While it’s the most common and most practical method to stick a camera mount on top or below the helmet visor (or peak), it’s not always the best angle for the viewer, even though it’s close to the point of view of the rider’s actual eyes. It’s generally too high to be able to capture the handlebar or bike frame, which are important cues to what it feels like riding.
Helmet chin mounts
Chinbar mounts combine the best of both worlds from chest and helmet visor mounts: an angle to capture the bike and head movement that always looks towards the upcoming piece of trail.
They are also a great, universal method for any full-face helmet or if your helmet doesn’t provide a level, flat area in the middle of the visor. There are lots of branded chin mounts available, but actually few distinct manufacturers.
There are tons of chin mounts only differing in price. Almost all feature rubber pads and folding material to conform to different variations of full-face helmets – for mountain biking and motorcycles. I went with DJI’s new Helmet Chin Strap Mount to test it out for myself. The reputable accessory brand HSU also got a very similar one in price and quality (check it out here). Both are very competitively priced and provide an angle that’s extremely immersive.
Helmet vent strap
If none of the above helmet mounts work for you, there is still one last option: straps through the ventilation holes on top. I would not recommend this solution over the others as it doesn‘t sit as tightly and moves a little. But it allows for filming with a helmet cam even on half-shell helmets without a peak.
Below-visor action cam mounts
Another alternative for visors that are tilted or bent (i.e. not flat). This one sticks to the front of the helmet beneath the visor but provides the same angle. The only company making such things, that I could find, are Ninja Mounts. And sadly, these seem to be only available in Europe.
Storage expansion (SD Card)
Don’t overlook this tiny, but critical piece in your setup! The Osmo Action 3 does not have built-in storage. So storage capacity has to come from inserting a microSD card.
A compatible one has to have fast read and write speeds for 4K footage or high-framerate filming. There are many great brands like SanDisk, Kingston, Samsung etc. out there. Whatever you choose, make sure it’s big enough and fast enough. I went with a 128 Gigabyte card from SanDisk, which lasts about 4 days’ worth of filming for me.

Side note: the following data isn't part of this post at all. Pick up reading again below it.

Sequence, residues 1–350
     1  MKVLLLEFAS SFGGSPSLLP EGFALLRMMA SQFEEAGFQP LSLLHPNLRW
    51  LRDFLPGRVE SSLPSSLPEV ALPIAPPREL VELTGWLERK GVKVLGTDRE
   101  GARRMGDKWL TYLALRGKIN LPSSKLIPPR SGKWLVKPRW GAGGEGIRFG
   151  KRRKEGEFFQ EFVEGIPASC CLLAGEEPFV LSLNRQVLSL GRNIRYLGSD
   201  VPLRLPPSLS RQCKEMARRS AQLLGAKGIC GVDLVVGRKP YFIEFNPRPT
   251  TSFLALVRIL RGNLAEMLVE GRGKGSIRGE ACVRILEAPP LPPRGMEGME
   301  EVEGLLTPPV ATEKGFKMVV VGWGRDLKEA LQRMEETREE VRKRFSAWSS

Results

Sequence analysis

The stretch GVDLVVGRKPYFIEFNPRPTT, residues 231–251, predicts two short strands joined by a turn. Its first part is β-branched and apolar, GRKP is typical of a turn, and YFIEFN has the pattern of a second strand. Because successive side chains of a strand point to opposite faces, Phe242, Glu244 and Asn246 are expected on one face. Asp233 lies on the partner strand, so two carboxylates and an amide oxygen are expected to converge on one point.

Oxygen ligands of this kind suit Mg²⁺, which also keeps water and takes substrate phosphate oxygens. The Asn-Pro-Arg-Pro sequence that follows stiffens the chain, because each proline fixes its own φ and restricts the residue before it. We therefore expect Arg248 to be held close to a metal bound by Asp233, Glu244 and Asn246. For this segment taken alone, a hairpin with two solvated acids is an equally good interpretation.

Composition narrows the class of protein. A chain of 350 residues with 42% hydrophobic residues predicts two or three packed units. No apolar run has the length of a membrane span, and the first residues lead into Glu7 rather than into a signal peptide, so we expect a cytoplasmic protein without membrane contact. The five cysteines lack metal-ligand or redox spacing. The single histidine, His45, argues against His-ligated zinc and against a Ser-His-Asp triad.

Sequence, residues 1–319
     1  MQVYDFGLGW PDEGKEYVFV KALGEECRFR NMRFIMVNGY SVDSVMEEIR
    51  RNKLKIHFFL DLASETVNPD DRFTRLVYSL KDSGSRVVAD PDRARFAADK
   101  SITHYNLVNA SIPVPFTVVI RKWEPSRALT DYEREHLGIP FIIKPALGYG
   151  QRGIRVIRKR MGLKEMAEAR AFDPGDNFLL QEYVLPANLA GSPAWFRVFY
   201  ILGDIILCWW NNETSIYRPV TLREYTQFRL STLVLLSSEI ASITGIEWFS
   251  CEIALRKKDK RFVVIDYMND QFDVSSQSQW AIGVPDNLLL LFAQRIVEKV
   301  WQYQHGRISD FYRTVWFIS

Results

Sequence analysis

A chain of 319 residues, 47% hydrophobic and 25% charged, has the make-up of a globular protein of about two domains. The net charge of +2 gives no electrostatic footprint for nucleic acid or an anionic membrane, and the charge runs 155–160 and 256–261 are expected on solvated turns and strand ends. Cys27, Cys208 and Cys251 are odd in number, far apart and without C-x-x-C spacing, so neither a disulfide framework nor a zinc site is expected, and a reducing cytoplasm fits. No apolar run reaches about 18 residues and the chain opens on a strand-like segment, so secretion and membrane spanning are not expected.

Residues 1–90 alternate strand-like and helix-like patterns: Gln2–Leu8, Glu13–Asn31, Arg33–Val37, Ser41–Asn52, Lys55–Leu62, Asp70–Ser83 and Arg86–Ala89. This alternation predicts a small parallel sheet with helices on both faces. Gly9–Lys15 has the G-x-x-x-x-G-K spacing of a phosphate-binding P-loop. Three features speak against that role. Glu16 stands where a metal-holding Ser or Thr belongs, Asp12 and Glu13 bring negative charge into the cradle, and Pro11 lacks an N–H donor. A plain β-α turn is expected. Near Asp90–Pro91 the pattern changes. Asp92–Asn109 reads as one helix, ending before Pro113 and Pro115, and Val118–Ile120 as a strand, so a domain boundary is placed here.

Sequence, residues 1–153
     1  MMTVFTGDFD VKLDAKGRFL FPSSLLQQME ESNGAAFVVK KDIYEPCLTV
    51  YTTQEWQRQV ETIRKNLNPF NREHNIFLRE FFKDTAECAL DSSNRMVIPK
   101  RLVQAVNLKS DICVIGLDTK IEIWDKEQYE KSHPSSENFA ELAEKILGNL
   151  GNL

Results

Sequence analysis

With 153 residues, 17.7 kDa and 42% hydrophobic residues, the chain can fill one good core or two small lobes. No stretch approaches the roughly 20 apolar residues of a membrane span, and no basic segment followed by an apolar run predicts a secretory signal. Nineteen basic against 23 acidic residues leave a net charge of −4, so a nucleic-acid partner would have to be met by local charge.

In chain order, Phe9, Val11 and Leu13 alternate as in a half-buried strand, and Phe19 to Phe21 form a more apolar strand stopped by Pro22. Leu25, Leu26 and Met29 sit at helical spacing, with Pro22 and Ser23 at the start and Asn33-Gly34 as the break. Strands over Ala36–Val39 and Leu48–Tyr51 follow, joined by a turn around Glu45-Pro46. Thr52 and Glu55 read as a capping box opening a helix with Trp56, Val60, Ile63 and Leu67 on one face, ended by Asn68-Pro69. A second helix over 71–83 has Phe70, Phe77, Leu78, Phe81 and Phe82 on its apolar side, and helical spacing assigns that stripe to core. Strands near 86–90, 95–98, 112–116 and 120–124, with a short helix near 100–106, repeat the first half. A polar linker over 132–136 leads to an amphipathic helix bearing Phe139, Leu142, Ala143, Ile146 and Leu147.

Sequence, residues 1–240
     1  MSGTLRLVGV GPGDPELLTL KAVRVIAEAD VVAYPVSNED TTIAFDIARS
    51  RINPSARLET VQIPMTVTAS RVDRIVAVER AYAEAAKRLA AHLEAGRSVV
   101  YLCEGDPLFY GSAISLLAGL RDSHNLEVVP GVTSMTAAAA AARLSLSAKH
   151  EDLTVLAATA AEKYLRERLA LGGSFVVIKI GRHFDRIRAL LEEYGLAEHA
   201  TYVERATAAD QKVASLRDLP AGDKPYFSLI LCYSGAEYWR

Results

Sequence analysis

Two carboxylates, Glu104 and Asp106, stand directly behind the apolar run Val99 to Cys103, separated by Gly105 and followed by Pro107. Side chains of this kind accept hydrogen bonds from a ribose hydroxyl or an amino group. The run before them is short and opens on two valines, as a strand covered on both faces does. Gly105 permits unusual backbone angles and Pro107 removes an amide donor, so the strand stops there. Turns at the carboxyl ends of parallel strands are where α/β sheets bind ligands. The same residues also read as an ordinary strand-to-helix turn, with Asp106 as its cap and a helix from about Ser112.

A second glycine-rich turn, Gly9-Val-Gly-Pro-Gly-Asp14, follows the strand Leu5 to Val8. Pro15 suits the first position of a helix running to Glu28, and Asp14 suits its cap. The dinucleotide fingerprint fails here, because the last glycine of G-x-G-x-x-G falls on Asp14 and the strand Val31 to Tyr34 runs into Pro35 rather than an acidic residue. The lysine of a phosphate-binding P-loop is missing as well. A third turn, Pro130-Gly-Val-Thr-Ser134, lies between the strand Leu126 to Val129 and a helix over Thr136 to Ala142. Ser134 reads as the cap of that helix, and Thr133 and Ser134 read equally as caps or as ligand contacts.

Just FYI: 1 minute of 4K video at 30 FPS takes up about 375 megabytes of storage.
Spare battery packs
As the bigger bundle including three batteries and a charging case, the DJI Osmo Action 3 Adventure Combo is priced about $110 higher at $440. It also comes with a selfie pole, not that useful on a bike unless you plan on a lot of one-handed riding.
That charging case works like the ones for their drones and – let me tell you from experience – it’s an extremely convenient game changer! It charges the battery closest to full charge so there’s always one ready to go. Operating on only one battery all day is such a hassle and not an option for me as I’d have to pick and choose what to record, instead of picking what to keep at the end of the day.
With that being said, the price for the full setup may be enough to deter some. Luckily there are separate “Extreme Batteries” also for sale. One extra of those is likely more than enough for most recreational riders.
Buying a lens protector may even save you more money. While thankfully the camera lens is replacable again, the screen is not on the DJI Osmo Action 3. Either way, it costs money if either gets damaged (which I may or may not have done).
That’s why I like to protect the lens and screen surfaces.
Simple solutions like the official Action 3 lens protective cover – or even simpler: sticky protectors like on a phone screen – for a couple of bucks are a simple insurance policy. Additionally, there is also real insurance in the form of the official “DJI Care”, which I didn’t go with since I never managed to wreck an action cam until now. Preventative measures are where my attention is.
Optional: Wind noise reduction
A step up from the predecessor, the Action 2, are the three directional microphones. There’s even a mode for wind noise reduction, which is a good idea to use pretty much in most scenarios on a bike, where wind is a constant factor.
Fortunately, there are windscreens available like for the GoPro cameras. My go-to brand for either GoPro and DJI Osmo wind noise covers is HSU. There are many branded “windslayers” out there, but HSU got one of the densest foams at half the price. Since they sell a dual-pack at the same price.